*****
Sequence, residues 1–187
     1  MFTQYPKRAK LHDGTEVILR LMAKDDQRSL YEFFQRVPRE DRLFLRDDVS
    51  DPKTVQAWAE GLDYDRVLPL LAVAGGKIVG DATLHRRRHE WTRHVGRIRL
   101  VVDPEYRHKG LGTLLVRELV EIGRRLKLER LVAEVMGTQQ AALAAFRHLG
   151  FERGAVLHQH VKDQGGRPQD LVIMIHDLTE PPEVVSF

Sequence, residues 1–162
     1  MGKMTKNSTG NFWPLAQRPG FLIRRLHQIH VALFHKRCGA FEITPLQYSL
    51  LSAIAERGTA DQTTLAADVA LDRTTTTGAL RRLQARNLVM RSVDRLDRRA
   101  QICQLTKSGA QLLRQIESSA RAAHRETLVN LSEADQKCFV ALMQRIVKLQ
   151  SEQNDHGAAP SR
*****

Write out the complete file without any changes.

Sequence, residues 1–187
     1  MFTQYPKRAK LHDGTEVILR LMAKDDQRSL YEFFQRVPRE DRLFLRDDVS
    51  DPKTVQAWAE GLDYDRVLPL LAVAGGKIVG DATLHRRRHE WTRHVGRIRL
   101  VVDPEYRHKG LGTLLVRELV EIGRRLKLER LVAEVMGTQQ AALAAFRHLG
   151  FERGAVLHQH VKDQGGRPQD LVIMIHDLTE PPEVVSF

Sequence, residues 1–162
     1  MGKMTKNSTG NFWPLAQRPG FLIRRLHQIH VALFHKRCGA FEITPLQYSL
    51  LSAIAERGTA DQTTLAADVA LDRTTTTGAL RRLQARNLVM RSVDRLDRRA
   101  QICQLTKSGA QLLRQIESSA RAAHRETLVN LSEADQKCFV ALMQRIVKLQ
   151  SEQNDHGAAP SR